By this summer, Owens Community College should regain accreditation with the National League for Nursing Accrediting Commission.
|Owens nursing student Angelica Johnson (right) takes the blood pressure of Angi Todd, while Owens Nursing Instructor Kris Cookson looks on. (Photo: J.D. Pooley/Sentinel-Tribune)
What is now the School of Nursing at the college lost accreditation in fall 2009, a status it had held since 1974.
An aggressive program was implemented, top officials quit or were fired, and a team of peer reviewers were on the Perrysburg Township campus this week to observe the RN program.
They'll report back to the NLNAC board for a vote in June or July.
"I go into every accreditation knowing we put our best foot forward," said Renay Scott, Owens vice president and provost. "I'm confident we've done a really good job getting ready for this accreditation."
All academic program accreditations on campus are Scott's responsibility. And the college is up to date on everything, she stated.
But the nursing program has been her baby, since she took it on in fall 2009, when the college received notice that the accreditation had been lost. It had been on probationary status since 2007.
Since then, then-President Christa Adams retired early, then-Provost Paul Unger resigned, and Cindy Hall, department chair, was fired.
In December 2009, 83 students had filed two lawsuits accusing the college of negligence in the loss of the national accreditation, and claiming that loss curtailed or eliminated the students' ability to be hired.
At least one lawsuit is still pending, Scott stated. The college has not paid out any claims.
Owens sent the NLNAC a self-study report, before this week's visit, based on the standards outlined by the national board. The team on campus interviewed individuals to explore those written statements.
"I often compare it to a doctoral dissertation defense," Scott stated.
If the college regains accreditation, it will be retroactive to this month.
Owens in the past stressed that league accreditation was not critical and that approval from the Ohio Board of Nursing was more vital.
One of the standards the college did not meet was the requirement that at least 51 percent of part-time nursing faculty hold a master of nursing degree. In 2009, only about 30 percent of the 104 part-time RN faculty had or were working toward a master's degree.
Now, that number is 60 percent, Scott said.
Hiring new faculty has cost the college a little more than $400,000.
In 2009, there were 25 full-time RNs and all had a master's degree.
In November 2009, Scott said it would only take two years to regain accreditation, but she thought it could be done sooner.
The delay, she explained, was in hiring 10 new full-time faculty. "It always takes time to hire good people."
A review of the budget allowed the hiring of six people the first year, and four the next.
"The hiring process took longer than we expected," she stated.
Getting them oriented in the program and involved in the process also took time, she added.
"They are great additions to the program. The entire faculty have done an outstanding job doing data analysis, making improvements to the nursing curriculum, and improving admission standard.
"I think as a result we're a better program today," she stated.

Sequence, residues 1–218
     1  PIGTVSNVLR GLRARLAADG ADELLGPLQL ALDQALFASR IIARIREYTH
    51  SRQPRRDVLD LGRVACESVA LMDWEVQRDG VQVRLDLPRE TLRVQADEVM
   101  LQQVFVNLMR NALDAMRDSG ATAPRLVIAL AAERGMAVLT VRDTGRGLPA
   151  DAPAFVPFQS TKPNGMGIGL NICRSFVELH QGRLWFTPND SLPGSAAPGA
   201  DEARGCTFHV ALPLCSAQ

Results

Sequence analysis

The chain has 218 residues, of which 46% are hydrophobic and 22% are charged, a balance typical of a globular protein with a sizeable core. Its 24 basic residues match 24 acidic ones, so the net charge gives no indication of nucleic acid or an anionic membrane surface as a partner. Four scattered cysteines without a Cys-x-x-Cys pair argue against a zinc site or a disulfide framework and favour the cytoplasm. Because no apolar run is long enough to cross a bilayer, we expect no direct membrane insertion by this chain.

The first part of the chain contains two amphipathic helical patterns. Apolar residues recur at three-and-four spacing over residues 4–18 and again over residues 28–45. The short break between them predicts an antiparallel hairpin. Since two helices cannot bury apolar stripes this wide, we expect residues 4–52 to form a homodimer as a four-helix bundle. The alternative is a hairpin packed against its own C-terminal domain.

The demand for entrance into the program hasn't declined.
There consistently have been about 150 applications each semester.
In the fall of 2009, the college was admitting 105 students to its nursing program twice each year. But because of a drop in employment demands, the college dropped the admittance number to 80 students twice per year.
For fall 2012, that number was bumped up to 90 and will remain at 90 this fall.
Unchanged has been the number of students admitted on the Findlay campus; that remains at 35 each semester.
"Those decisions are based on job demands in the region," Scott explained.
Students not accepted are no longer put on a waiting list, one of the college's changes. Now, they have to reapply each semester.
"It's become a lot more competitive of a program to get into," Scott stated.
Kathryn McCray, of Toledo, was accepted two years go, and will graduate in May with her RN degree.
"The accreditation itself is an extra piece," she said about the NLNAC aspect.
"All the local hospitals think Owens students are top notch," she added.
And Owens is accredited with the Ohio Board of Nursing, which to McCray is more important.
"If you don't go to a school approved by them, you're wasting your time," she stated.
Now that the college is potentially getting NLNAC accreditation back, it shows a sign of excellence in the program, she continued.
But she likes Owens for the hands-on one-on-one she has had with her instructors. "They have a personal investment in you."
The college also was penalized for not having data to track the program's effectiveness.
As part of regaining accreditation, the college has implemented a systematic plan of evaluation, looking at learning outcomes, making sure students are achieving outcomes, and evaluating that information annually.
The college also has a better program monitoring system, a better communication program, and all programs are more aware of the importance of accreditation.
"We wanted to make sure we presented at least two years of data," Scott said. Faculty wanted to show a trend in improvement, not just one year's growth.
As a result, the RN passage rate for first-time test takers has improved. In the 2010 calendar year, 80 percent of test takers passed; that number went to 88 percent in 2011, and 95 percent last year.
"It's one of those situations that I wish as a college we don't go through, but I think we're better for it," Scott stated.